As PA ages, the state examines guardianships and abuse

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 Norma Carpenter, a nurse and school board member, visited her 82-year-old mother regularly at a personal care home in Indiana County. The two would walk hand in hand through the home, stopping to hug each other. (Photo by Halle Stockton/PublicSource) 

 

Norma Carpenter, a nurse and school board member, visited her 82-year-old mother regularly at a personal care home in Indiana County. The two would walk hand in hand through the home, stopping to hug each other.

Then, in October 2012, Norma was banned from visiting or calling her mother, Mary Little, who has dementia. Her visits, she was told, left her mother sad and depressed.

In December, Norma discovered that her mother had been moved nearly 100 miles away to a Fayette County nursing home.

All of these decisions were made by a court-appointed guardian.

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“It’s terrible. I mean, you can’t see the person who loved you and raised you and she needs us now more than ever,” Norma said.

Pennsylvania is fourth in the country in terms of its elderly population, and as the state’s more than 3.3 million Baby Boomers join the ranks of the elderly, state courts and welfare systems will be put to the test. Guardianships are especially open to abuse because there is little regulation or oversight.

Examining guardianship is a priority in the state, with both the Pennsylvania Department of Aging and the Supreme Court of Pennsylvania conducting studies. While guardianships are needed for those who can no longer care for themselves, they also require individuals to surrender all their rights — in some cases to a total stranger.

Norma said she was elbowed out of being her mother’s caregiver because of a feud with her brother. She is not alone.
Does your loved one have a court-appointed guardian? Share your experience.

Guardians are often appointed for the elderly or disabled because of family squabbles. And for many, the conflicts are never resolved.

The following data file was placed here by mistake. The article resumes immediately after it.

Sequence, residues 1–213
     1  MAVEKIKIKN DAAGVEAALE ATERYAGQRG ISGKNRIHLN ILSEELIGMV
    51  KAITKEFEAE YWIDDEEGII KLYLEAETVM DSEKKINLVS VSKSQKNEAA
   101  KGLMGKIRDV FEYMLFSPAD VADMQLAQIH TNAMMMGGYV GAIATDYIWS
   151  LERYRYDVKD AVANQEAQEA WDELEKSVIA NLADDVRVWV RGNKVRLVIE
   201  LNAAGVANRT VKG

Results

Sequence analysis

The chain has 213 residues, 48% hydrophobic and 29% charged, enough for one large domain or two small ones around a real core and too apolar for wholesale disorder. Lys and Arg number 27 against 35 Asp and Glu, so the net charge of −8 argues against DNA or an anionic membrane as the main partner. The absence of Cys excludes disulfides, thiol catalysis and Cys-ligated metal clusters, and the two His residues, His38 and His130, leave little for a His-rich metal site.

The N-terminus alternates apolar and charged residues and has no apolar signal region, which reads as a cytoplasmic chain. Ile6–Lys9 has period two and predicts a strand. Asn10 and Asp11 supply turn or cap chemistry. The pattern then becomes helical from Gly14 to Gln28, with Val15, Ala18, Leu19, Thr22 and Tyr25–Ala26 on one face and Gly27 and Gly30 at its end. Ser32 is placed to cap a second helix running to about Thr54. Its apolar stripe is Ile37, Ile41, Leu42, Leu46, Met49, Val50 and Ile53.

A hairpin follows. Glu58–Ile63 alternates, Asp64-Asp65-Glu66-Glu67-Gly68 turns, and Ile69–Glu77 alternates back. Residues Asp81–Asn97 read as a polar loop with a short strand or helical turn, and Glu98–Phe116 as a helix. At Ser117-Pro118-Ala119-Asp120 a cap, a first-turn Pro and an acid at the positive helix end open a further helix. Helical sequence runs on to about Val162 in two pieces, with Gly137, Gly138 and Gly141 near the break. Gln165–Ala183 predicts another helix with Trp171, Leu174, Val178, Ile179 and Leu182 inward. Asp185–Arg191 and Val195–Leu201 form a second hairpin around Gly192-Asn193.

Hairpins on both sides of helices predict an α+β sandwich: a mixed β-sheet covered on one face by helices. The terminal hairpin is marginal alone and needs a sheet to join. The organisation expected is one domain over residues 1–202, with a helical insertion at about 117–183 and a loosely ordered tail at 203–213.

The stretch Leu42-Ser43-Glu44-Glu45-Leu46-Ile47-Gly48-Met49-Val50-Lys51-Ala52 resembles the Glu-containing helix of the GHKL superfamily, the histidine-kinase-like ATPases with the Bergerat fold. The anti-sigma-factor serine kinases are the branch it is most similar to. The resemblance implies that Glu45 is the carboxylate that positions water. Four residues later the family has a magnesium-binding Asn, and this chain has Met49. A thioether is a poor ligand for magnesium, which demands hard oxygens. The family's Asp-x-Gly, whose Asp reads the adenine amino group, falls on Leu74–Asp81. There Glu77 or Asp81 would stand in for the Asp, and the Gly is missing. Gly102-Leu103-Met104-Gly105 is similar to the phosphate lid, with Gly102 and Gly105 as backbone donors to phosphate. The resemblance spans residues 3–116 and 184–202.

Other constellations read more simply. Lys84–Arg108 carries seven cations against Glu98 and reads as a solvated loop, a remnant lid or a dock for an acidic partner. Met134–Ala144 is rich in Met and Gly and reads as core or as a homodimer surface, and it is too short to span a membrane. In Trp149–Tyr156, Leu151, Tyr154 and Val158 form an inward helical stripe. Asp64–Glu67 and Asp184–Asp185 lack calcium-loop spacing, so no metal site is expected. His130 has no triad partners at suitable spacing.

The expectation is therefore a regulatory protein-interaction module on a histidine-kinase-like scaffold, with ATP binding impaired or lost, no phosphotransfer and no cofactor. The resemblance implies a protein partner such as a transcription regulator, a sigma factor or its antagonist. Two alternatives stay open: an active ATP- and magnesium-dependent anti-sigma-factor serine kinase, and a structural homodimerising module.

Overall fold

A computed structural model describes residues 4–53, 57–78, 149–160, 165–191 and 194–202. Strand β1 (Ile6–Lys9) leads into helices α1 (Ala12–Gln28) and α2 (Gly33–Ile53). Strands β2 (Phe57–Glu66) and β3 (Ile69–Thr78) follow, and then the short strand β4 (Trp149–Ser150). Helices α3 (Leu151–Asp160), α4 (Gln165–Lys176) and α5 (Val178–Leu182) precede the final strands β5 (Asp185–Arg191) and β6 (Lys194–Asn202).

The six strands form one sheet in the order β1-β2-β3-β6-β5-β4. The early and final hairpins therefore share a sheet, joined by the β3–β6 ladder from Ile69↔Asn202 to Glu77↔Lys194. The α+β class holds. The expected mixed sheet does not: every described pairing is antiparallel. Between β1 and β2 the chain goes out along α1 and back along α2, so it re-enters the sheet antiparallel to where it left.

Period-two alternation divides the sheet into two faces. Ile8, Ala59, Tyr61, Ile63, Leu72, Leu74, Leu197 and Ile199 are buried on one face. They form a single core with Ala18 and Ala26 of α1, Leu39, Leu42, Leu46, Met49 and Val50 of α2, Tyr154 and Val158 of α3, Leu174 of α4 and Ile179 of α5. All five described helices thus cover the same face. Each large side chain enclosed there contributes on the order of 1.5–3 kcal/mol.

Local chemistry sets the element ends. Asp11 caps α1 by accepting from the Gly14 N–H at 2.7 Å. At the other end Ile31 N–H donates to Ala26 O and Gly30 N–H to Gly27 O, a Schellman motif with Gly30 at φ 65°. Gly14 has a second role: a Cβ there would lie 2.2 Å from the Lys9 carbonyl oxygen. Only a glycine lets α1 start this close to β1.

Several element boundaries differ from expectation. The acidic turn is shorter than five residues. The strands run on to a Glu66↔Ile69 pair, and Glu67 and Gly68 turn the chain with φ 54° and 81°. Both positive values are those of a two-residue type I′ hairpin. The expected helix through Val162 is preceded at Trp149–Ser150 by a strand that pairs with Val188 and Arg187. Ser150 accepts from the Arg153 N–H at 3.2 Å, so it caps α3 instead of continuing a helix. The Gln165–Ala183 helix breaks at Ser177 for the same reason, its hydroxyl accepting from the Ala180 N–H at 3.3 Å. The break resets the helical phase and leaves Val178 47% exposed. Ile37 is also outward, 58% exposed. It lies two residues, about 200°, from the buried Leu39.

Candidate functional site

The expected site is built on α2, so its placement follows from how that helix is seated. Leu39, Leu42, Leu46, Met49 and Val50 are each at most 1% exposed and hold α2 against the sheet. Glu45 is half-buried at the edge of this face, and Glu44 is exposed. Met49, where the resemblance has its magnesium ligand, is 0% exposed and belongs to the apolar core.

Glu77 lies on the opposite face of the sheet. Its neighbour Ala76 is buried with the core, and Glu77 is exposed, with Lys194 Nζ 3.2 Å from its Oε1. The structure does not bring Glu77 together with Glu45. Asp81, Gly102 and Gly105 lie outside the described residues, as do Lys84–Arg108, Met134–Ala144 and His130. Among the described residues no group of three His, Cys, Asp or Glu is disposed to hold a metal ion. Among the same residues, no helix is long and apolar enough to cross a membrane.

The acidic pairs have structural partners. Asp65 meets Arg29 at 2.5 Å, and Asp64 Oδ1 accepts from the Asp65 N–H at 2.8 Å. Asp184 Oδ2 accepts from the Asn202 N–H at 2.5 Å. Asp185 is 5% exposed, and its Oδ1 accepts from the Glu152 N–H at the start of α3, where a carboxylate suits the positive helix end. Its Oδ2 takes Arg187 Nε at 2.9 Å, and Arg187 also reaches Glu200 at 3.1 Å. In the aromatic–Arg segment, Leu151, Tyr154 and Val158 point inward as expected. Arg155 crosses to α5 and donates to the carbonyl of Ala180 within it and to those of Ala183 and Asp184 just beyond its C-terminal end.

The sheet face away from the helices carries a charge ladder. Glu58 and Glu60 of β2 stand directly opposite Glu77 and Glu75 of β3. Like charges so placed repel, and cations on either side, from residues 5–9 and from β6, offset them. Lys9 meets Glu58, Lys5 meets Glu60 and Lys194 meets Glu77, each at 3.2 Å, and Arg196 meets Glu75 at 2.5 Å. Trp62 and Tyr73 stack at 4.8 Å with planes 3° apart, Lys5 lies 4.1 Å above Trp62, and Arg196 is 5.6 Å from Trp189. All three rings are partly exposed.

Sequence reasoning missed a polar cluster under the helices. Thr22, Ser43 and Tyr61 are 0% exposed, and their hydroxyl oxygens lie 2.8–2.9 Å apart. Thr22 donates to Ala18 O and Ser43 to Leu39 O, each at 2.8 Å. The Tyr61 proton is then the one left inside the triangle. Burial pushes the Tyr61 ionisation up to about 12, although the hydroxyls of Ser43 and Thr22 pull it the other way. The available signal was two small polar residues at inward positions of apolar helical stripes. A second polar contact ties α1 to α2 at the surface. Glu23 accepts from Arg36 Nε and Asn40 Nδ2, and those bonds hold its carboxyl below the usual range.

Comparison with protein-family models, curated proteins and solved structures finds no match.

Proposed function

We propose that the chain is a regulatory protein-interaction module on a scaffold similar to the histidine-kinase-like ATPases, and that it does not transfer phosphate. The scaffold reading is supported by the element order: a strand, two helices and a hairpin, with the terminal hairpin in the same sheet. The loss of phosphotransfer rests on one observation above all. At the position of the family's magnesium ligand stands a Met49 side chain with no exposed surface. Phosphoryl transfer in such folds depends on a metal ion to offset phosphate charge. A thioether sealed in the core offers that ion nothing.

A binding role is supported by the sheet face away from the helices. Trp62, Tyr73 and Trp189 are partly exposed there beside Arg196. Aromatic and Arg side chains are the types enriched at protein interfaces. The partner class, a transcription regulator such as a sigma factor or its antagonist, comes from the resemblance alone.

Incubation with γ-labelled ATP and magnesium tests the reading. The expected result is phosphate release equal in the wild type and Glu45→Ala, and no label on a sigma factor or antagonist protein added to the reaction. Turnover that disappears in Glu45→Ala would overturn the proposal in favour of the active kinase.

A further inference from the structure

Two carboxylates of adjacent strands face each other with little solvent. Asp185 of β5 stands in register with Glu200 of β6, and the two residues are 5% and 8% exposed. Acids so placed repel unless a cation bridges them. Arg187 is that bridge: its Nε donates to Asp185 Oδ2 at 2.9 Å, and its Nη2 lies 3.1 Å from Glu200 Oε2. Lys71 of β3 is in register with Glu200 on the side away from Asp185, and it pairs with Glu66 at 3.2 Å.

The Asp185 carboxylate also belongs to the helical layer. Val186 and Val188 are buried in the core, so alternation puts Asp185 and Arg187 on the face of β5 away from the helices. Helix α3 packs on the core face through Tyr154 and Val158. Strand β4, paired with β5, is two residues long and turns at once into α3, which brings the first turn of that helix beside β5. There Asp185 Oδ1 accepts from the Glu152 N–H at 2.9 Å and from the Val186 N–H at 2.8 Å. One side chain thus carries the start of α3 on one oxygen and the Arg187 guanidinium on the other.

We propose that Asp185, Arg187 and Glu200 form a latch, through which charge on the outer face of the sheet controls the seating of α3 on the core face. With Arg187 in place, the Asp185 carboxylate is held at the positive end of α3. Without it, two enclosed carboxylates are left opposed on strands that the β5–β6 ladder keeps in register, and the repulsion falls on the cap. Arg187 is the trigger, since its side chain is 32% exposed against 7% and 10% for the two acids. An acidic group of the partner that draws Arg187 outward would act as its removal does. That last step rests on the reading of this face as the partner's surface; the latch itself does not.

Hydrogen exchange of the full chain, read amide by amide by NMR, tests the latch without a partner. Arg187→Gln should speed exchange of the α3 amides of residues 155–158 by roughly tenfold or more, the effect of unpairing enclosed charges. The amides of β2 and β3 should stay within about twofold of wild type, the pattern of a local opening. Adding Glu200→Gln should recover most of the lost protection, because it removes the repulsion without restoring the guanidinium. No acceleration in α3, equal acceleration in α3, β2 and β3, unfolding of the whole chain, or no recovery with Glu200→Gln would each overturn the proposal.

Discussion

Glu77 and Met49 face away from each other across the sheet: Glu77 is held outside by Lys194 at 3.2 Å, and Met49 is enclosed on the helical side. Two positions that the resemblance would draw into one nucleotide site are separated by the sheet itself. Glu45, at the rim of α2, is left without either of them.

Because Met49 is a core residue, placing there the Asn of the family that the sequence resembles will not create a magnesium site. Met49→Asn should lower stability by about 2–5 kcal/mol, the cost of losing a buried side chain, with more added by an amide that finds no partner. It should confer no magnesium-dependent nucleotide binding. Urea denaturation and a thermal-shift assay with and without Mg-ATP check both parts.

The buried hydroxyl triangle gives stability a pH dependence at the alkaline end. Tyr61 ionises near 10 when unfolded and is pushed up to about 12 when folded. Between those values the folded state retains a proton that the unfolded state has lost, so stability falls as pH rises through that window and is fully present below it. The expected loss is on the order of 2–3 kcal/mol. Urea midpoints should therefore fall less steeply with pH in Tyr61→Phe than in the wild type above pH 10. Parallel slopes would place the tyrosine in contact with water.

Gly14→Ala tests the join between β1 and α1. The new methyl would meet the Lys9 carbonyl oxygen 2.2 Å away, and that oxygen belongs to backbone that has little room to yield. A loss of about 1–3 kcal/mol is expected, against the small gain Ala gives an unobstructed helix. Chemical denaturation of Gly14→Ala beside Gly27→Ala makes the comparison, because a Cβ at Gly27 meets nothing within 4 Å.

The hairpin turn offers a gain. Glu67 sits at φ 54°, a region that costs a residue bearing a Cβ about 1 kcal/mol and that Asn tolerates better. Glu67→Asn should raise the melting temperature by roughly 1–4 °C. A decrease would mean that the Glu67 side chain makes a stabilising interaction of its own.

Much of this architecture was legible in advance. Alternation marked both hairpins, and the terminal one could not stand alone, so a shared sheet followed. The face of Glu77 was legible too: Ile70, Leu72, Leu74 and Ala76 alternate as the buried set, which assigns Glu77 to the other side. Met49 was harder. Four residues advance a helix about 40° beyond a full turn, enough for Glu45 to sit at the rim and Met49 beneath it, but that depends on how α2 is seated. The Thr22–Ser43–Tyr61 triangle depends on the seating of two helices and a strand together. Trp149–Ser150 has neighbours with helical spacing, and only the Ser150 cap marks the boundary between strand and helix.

In Norma’s case, an Orphans’ Court judge in Indiana County appointed Distinctive Human Services, a nonprofit agency in Johnstown, as guardian for Mary.

From there, an agency caseworker had the power to decide where she lived, what she ate, what medical treatment she received, and who she saw.

Ellen Hamilton, executive director of Distinctive Human Services, said all the measures taken were in Mary’s best interest and that Norma is now allowed supervised visits.

“You’ve got an elderly, frail woman who’s being torn between children, who has had her life turned upside down and thrown all about the neighborhood,” Hamilton said. “She doesn’t know how to make this controversy end.”
The National Center for State Courts estimated there were 1.5 million active guardianships in the U.S. in 2011. In Pennsylvania, the courts decided more than 30,000 guardianship cases between 2000 and 2011.

 

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Norma holds up a portrait of her mother, Mary Little, in her youth. Little, now 82 and suffering from dementia, was placed in a nursing home by a legal guardian. (Photo by Halle Stockton/PublicSource)

 

Some cases reviewed by PublicSource show the difficulties that guardianships often bring. According to court documents and personal accounts:

    In late 2007, two of Rita Denmark’s children filed for guardianship of their mother in different states — one in Pennsylvania, where Rita was a lifelong resident, another in Florida. The dispute came to a head while Rita, who has dementia, was visiting her son in Florida. Attorneys suggested an independent guardian serve for a short time. Now, Rita has been a ward of a guardian in Port Orange, Fla., for more than five years. Her daughter, Holly Peffer of McKean County, has been trying to bring her 82-year-old mother home.The guardian has billed nearly $94,000 from Rita’s estate. “I had no idea how dangerous guardianship was,” Holly said.

    Three people brought Grace Connors, who was suffering from dementia, from California to Pennsylvania in 2001. One of them obtained a fraudulent power of attorney to control her assets. Daughter Mary Claire Connors, who had cared for her mother in California, traveled east to reclaim her, but a Luzerne County judge appointed a nonprofit agency as guardian. Mary Connors said that, under guardianship, her mother’s estate was depleted and she was not allowed to visit without supervision. She said she spent at least $100,000 and went bankrupt trying to get her mother back. Grace died in 2006 at age 85. Guardianship, Mary said, is “ownership of a human being …. There is no escape.”

    Problems can also occur when the guardian is a family member. Shelley Kuziak of Columbia County said she was the primary caregiver for her mother, Miriam Kuziak, for several years. But Shelley’s sister became guardian in 2006. The sisters’ opinions on how to care for their mother differed. Shelley said she repeatedly fought in court for visitation after being accused of coercing her mother to accept medical treatment. She said she was not permitted to visit her mother in the years leading up to her 2008 death at age 77.

Elaine Renoire, president of the National Association to Stop Guardian Abuse, said the group hears stories daily about people who can afford home care being forced into facilities and their assets liquidated; wives being denied a say in the medical treatment of husbands; and family photos and heirlooms trashed or sold.

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